After the madness of Holi we escaped for a week of calm by the famous ghats of Varanasi. Situated on the banks of the river Ganges, Varanasi is one of the oldest living cities in the world and India’s spiritual capital. Every day thousands of pilgrims arrive to bathe and pray in its sacred waters. From open air cremations to morning dips, everything revolves around the river.
Traditionally Hinduism dictates that humans are trapped in a continuous cycle of death and rebirth called samsara. When a person dies, their soul is reborn in a different body, dependent on how the previous life was lived (karma), and the process continues. Fire is associated with purity and so Hindu’s believe that if a deceased’s ashes are laid in the Ganges at Varanasi, their soul will be transported to heaven and escape the cycle of rebirth achieving moksha and eternal peace.
Devotees travel from across the world to spend their final days in Varanasi, and a continual flow of bodies also arrive via the river and back streets. To accommodate, the cremation ghats burn 24/7, consuming over 300 corpses a day. An average cremation uses roughly 80kg of wood, and costs around £30. Holy men, leppers and small children are not burned, but instead sunk to the bottom of the Ganges. It is not uncommon to be stopped in the street by elderly beggars collecting money to pay for their own cremation. Varanasi was my favourite city in India, and one of the most unique and memorable places I have ever visited.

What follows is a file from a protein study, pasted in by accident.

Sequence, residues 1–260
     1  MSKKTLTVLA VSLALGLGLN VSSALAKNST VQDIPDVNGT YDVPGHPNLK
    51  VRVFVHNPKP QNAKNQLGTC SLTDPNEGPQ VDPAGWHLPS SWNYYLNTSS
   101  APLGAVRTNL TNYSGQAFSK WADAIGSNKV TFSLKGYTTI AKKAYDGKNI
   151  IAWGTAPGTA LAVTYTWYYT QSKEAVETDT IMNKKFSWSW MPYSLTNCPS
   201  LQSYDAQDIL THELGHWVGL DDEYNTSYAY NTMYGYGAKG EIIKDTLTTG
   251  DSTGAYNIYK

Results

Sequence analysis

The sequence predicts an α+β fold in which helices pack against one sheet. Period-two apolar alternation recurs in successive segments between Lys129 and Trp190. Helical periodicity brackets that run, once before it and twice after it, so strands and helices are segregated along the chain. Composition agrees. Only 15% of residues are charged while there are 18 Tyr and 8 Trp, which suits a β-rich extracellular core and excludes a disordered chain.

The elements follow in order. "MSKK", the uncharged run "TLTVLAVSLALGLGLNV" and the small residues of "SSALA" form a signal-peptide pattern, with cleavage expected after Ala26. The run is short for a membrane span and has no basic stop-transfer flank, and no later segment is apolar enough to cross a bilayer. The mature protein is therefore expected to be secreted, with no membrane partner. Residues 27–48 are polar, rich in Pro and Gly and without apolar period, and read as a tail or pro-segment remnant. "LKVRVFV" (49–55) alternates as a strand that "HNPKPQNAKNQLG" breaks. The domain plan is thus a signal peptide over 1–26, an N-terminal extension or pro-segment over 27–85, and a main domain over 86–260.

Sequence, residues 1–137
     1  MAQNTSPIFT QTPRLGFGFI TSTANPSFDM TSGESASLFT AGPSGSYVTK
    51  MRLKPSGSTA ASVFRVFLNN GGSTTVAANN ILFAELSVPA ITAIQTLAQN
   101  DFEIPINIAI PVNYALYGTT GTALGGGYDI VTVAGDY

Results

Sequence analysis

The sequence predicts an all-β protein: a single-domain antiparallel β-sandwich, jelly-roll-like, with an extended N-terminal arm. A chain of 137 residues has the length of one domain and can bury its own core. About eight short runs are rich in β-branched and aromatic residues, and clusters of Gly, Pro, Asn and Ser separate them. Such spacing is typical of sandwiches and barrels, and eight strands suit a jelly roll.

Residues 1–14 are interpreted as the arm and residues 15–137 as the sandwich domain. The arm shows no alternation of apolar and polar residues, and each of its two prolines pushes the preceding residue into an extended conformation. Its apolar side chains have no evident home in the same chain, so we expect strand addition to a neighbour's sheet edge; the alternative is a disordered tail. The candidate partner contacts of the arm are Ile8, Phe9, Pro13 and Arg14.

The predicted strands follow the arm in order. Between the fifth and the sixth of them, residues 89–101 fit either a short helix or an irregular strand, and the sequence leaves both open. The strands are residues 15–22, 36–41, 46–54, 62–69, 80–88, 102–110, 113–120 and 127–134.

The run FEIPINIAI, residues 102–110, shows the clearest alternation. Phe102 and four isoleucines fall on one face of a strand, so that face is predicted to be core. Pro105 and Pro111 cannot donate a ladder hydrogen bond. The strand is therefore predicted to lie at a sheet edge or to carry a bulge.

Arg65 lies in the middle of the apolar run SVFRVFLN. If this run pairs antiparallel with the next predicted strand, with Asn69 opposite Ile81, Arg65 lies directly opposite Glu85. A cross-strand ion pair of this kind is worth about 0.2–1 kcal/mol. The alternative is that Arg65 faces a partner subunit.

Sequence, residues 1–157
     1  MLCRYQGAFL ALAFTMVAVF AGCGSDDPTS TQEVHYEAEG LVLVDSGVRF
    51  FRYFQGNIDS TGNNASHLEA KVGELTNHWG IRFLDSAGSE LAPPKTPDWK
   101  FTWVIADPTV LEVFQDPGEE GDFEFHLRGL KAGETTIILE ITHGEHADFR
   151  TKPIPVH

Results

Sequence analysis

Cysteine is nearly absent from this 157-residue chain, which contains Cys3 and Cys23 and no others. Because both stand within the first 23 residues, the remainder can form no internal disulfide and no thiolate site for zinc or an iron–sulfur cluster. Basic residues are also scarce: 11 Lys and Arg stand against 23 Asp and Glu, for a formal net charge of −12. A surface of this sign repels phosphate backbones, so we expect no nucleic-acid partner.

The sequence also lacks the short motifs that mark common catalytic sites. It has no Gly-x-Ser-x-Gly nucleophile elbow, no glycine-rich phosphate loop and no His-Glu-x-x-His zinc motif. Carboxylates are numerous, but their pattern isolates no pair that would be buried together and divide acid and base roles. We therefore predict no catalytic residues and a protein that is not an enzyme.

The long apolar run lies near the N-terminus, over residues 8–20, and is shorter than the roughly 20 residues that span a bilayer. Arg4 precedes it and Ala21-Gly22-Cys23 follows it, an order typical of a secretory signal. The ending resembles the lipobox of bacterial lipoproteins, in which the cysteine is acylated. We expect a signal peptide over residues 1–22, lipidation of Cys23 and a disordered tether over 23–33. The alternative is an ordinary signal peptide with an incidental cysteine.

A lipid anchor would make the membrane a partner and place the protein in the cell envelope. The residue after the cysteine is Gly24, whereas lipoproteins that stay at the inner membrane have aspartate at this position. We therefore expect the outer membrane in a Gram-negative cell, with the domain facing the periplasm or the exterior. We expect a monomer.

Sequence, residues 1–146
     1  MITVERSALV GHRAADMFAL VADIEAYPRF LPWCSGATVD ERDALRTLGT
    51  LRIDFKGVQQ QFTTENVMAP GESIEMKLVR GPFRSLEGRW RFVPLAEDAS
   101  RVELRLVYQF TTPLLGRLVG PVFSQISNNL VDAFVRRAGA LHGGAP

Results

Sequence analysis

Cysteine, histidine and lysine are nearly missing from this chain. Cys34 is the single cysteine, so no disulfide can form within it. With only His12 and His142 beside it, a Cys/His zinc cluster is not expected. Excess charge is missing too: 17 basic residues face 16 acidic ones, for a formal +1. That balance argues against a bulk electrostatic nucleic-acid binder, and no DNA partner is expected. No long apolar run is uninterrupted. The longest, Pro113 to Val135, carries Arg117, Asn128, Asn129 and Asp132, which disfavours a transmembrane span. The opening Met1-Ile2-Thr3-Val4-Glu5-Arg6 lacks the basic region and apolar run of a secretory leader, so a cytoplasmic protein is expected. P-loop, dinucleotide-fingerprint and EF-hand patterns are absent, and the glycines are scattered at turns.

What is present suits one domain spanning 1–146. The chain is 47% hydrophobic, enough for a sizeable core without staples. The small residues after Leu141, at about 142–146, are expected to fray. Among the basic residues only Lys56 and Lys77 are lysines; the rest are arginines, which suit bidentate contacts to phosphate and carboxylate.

A collection of photos from Holi across Barsana, Vrindavan and Mathura in northern India.